By:  Holly Horning

Let’s continue the series of blogs based upon my observations and conclusions about the Tigers since 2006. This is about the long-standing direction of the team and why, despite the immense talent, they have been unsuccessful when everything was on the line. The premise for these points of discussion are all based upon Mr. I’s well-publicized desire and stated goal to win it all in October.

This series is meant to uncover, examine and discuss why their path never achieved the desired goals and why it’s been 32 years, second-longest in the AL Central, since the last one.

In the media, most portray the process of winning as simply getting the right players. But we know there are many more factors that play into creating a successful team – and franchise. And those factors are tangible and intangible. Just ask Theo Epstein, who has managed to break baseball’s two longest curses because of his vision and strategy.

The Tigers have poured more money into signing players than any other team, save for the Dodgers. Are there beliefs and corporate culture issues that have been holding them back? That’s a primary premise of these blogs.

If you missed the first three installments, catch them here:




This is a series that is dependent upon you, the reader, to weigh in. My statements are only meant to be the starting point. These thoughts are meant to inspire analysis and carry us all through the month, season and coming years.

So let’s begin some great dialogues as they relate exclusively to issues surrounding Al Avila, the current GM. Over the coming weeks, we’ll also address the Front Office, managing, coaching, the corporate culture and other topics.

Please pick one topic and start the conversation. Don’t forget to come back later and respond to others who have posted.


1. Avila’s first year as GM was a mixed-bag of results. I don’t put an immense amount of weight on first-year results because it’s not yet indicative of a true track record. But what happens after a second year will be much more telling.

2. Al may have worked for Dave Dombrowski, but he’s no Dombrowski clone. In just his first year, he’s introduced an analytics department, developed a manual for standard performance, directed the introduction of a software program and filled the bullpen with more than ageing, retread/rehabbed arms. He is digging deeper into the organization for solutions to improving performance. But it’s going to take time.

3. It is the GM’s job to take any hits for the owner, especially when it comes to trades and signings that go south. There is plenty of evidence that Mike Ilitch had the deciding hand in the signings of Upton and Pelfrey. But Al’s reputation will be cemented after this year in the players he gets in return for reducing payroll by trading some high-profile veterans.

4. Almost every new GM hires their own Front Office, pulling assorted executives from outside the organization when they take over. If Avila wants to effect change, why is he keeping everyone? Why is there zero turnover? Why is he re-hiring people who worked for the organization years ago?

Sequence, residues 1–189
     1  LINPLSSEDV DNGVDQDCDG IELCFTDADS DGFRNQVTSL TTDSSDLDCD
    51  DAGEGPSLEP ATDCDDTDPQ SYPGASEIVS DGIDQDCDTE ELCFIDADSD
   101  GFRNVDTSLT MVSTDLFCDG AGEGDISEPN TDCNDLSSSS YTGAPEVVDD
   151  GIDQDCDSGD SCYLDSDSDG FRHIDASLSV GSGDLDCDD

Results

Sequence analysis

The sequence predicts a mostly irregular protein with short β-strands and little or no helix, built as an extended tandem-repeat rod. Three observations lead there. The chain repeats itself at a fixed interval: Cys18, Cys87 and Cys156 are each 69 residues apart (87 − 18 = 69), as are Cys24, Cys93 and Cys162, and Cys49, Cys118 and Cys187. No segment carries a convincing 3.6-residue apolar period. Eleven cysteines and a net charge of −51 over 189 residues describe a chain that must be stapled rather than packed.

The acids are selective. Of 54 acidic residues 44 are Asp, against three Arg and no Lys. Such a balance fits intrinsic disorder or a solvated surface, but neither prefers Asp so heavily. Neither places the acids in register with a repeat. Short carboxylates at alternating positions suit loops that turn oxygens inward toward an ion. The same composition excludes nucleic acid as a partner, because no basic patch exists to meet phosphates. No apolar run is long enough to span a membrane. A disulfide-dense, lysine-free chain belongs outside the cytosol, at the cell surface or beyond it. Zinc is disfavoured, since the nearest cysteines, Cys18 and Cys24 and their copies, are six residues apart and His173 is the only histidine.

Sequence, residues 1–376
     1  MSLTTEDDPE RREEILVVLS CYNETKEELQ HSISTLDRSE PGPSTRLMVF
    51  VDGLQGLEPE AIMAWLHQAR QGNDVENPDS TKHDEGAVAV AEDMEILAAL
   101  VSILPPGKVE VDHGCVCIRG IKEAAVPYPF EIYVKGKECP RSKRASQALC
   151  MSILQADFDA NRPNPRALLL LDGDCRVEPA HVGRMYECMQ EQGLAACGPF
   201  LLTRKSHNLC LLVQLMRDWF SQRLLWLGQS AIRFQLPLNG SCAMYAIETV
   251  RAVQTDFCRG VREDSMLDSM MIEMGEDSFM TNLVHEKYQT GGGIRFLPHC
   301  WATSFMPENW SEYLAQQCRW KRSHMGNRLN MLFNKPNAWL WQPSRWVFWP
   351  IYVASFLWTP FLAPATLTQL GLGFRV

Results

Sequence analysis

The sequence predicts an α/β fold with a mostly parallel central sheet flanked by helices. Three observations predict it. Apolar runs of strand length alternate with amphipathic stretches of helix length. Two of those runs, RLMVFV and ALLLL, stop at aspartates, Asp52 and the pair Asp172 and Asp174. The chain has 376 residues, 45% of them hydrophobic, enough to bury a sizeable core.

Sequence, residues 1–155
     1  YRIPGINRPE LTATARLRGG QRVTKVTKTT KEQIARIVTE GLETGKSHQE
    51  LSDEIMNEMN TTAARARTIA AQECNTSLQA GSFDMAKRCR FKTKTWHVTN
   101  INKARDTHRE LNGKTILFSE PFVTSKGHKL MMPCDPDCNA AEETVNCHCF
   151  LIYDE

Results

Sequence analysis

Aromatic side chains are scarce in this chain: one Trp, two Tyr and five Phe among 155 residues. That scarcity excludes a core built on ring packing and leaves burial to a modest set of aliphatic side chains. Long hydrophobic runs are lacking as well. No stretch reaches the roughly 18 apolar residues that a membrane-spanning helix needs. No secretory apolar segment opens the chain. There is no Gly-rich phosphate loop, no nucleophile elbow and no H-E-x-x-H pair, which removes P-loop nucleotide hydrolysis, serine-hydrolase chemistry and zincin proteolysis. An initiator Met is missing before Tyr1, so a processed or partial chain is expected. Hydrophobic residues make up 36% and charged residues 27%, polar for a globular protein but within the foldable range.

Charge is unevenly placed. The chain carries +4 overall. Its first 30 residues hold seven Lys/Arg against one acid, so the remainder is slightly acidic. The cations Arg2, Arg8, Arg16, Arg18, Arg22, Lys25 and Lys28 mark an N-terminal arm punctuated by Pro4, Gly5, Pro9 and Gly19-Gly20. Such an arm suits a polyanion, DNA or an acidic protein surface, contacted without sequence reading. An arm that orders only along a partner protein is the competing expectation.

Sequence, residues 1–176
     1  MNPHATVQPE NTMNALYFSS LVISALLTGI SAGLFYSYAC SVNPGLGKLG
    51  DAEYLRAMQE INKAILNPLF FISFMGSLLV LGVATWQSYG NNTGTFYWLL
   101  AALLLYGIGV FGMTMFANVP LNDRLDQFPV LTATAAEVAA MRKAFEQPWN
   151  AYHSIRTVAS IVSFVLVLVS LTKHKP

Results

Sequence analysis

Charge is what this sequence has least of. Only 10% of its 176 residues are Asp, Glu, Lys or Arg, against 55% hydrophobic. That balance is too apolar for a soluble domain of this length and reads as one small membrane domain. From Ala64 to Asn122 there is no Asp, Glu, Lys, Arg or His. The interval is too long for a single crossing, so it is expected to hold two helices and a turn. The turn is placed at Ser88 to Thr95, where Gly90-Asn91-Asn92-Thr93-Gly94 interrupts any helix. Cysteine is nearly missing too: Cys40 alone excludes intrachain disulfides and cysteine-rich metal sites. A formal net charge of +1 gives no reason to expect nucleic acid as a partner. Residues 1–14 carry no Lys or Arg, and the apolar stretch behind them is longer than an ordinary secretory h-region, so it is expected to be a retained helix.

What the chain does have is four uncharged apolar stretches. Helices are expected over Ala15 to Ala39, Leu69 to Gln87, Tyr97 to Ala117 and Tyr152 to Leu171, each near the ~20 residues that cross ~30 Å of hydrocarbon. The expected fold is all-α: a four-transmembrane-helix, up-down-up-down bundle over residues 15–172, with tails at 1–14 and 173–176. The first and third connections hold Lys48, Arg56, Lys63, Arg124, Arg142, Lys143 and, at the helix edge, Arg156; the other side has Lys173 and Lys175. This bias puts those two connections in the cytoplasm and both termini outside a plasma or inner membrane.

5. In the mantra to get “younger and leaner”, why does the GM’s actions not apply to the coaching staff as well? (Insert your own Lamont joke here.) I can understand the retention of Brad Ausmus given the revised direction of the team, but the Tigers have the oldest coaching staff by far of any organization. We’re talking 2 decades older on average. It just doesn’t make sense to introduce an analytics department if your manager is the only one who is going to embrace it and understands how to use it.

7 thoughts on “THERE, I SAID IT – PART 4

  1. Holly, as usual your comments are insightful and right on, but again I just don’t understand what the Tigers charted course is here. Are they selling off, or not. If they are, then they should be far more pro active then they appear to be. It is if they continually waffle back and forth, seemingly affected by which way the wind is blowing that day.


    • Hi, Nick – It’s a great question and something I’ve been tracking for awhile now. It’s really too soon to tell where the team is headed until we see more – or fewer – trades. Part of the reason undoubtedly has to do with ticket sales – the longer they wait on trades, the better for sales. But also, big trades take time. The new CBA agreement is another reason as the luxury tax limit issues won’t be decided until early December. As soon as I see, read or hear about any new developments, you know I’ll be writing about it. Thanks for keeping the conversation going! – Holly


  2. The quotes you made the Tigers coaching staff is ‘two decades older on average’ and ‘oldest staff by FAR any organization’ are both completely untrue. Everyone except Lamont is between ages 45-59 which is the age of 80 pct of mlb coaches currently. Take some time and average Royals, Yankees, Orioles staffs.


    • Hi, Scott – Actually, I did extensively research all 30 teams, even comparing each position along with Front Office personnel, and published the info in an earlier blog which I encourage you to check out. Thanks for reading! – Holly


  3. The compilation of your questions suggest the Tigers have shown kind of a schizophrenia in their approach. Like they aren’t sure what they’re doing.


  4. Avila has not shown the capabilities of a top-notch general manager. The free agent signings were abysmal and did nothing but exacerbate the budget problem. Now they are stuck with Upton’s contact as well as Zimmerman on a long-term basis. Would drastic cutbacks be necessary without all of this poor decision-making one year ago?


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